The complement post to this is KIPP charter chain and torture adviser Marty Seligman: A match made in hell?

To follow are comments from the edusyster post.

Dienne July 22, 2015 at 4:44 pm

OMG, Edushyster, this is about the most horrifying thing you’ve published (and you’ve published a lot of horrifying things.

I’m somewhere between speechless and I could fill 20 volumes, but I’ll limit myself to this for now: There is nothing nurturing about punishment, there is nothing nurturing about being a robot, and there is nothing nurturing about treating all students the same. But I’m sure they all know that, because they’d never treat their own flesh and blood that way.

Reteach 4 America July 22, 2015 at 6:23 pm

OMG is right. Horrifying came to my mind as well. Withholding teacher enthusiasm is in no way indicative of nurturing. This method is the opposite of the nomenclature, as typical in corporate reform bizarro world. KIPP turned Social Learning Theory positive approach into senseless tragedy.

Reply

Christine Langhoff July 22, 2015 at 4:57 pm

Ohhhhhhhhhhhhhhhhhh. Of all the absurd, corrupted, inane and just plain wrong things you have reported on, Edu, this just has to be the most awful (not to use stronger language like what got Ralphie’s mouth washed out with soap for in A Christmas Story).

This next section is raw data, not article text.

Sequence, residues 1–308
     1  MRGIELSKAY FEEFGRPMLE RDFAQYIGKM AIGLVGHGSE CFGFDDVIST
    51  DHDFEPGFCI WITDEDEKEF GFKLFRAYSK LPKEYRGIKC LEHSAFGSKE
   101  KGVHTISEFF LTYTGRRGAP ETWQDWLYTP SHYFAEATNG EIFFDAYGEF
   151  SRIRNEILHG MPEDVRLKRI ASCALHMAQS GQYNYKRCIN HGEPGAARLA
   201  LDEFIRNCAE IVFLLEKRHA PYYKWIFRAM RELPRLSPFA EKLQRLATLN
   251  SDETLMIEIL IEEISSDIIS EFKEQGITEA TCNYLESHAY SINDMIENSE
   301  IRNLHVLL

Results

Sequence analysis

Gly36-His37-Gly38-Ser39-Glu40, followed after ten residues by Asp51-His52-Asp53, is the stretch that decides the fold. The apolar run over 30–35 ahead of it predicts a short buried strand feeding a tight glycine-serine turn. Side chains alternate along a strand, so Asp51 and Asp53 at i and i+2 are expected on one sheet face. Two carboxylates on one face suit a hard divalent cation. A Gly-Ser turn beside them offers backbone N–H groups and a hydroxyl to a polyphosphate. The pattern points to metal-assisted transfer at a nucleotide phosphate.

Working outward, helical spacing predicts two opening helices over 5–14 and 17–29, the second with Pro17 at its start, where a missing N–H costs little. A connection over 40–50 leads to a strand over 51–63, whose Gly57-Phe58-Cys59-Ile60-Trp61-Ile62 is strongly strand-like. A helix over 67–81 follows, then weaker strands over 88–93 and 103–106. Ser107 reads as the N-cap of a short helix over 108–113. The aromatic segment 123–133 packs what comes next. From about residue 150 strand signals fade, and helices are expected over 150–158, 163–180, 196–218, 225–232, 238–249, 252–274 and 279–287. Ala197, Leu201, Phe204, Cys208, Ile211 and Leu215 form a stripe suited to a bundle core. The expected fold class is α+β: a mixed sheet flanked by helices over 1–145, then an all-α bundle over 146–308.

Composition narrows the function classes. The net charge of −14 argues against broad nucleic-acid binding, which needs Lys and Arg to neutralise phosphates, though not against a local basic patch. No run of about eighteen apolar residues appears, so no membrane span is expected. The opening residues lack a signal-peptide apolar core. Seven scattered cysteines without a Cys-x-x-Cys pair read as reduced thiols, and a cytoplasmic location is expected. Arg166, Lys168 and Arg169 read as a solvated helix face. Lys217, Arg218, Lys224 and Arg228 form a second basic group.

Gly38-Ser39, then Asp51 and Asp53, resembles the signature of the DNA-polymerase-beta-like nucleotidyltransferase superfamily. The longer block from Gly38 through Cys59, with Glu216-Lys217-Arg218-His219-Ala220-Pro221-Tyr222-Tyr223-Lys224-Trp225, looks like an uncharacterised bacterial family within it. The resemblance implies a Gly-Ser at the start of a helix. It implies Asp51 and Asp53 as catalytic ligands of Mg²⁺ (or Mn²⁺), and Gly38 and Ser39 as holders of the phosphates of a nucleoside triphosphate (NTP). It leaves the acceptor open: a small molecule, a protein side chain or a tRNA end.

Let me guess, is this what my state taxpayer dollars are going for now that Lawrence has been put in receivership? It’s as racist, as classist and as colonist an attitude as I have ever seen. WHAT IS THE COST? God help Amy, she’s got three grown-ups kibbitzing in the corner – put them to work as paras doing small group instruction!

In the video, Liz Gore, in singing its praises, says she would come into the classroom every day worried about how she was going to control everything. WRONG! Answer: being controlled is NOT what kids are supposed to get from education; they are supposed, in a democracy, to gain autonomy by mastering self-control – most particularly in middle school, because developmentally, that is where they are. This lack of knowledge about kids is evident because the kids KNOW the gambit. Amy’s kids try to rescue her because they like her.

Selling newbies to the teaching profession, especially alt-certified ones (Here’s looking at you TFA!) this product completely undermines their relationship with their students and sabotages anything valuable in the classroom.

I can imagine these bamboozled teachers narrating the rest of their lives outside school: Liz (to herself): I see Liz is in the store. I see Liz is replacing the milk carton on the shelf. I see Liz is taking down a winebox and putting it in her shopping cart. I see Liz is going to the check out counter. I see Liz is moving back to the shelf. I see Liz is loading another winebox into her shopping cart. I see Liz drinking in her car at home in the driveway because she is adlepated after listening to the narration of her own misery.

Reteach 4 America July 22, 2015 at 6:46 pm

The narration is a warped take on Bandura. I don’t think they are capable of grasping the dynamics of relationship-based teaching and learning, because they are so entrenched in punitive approaches.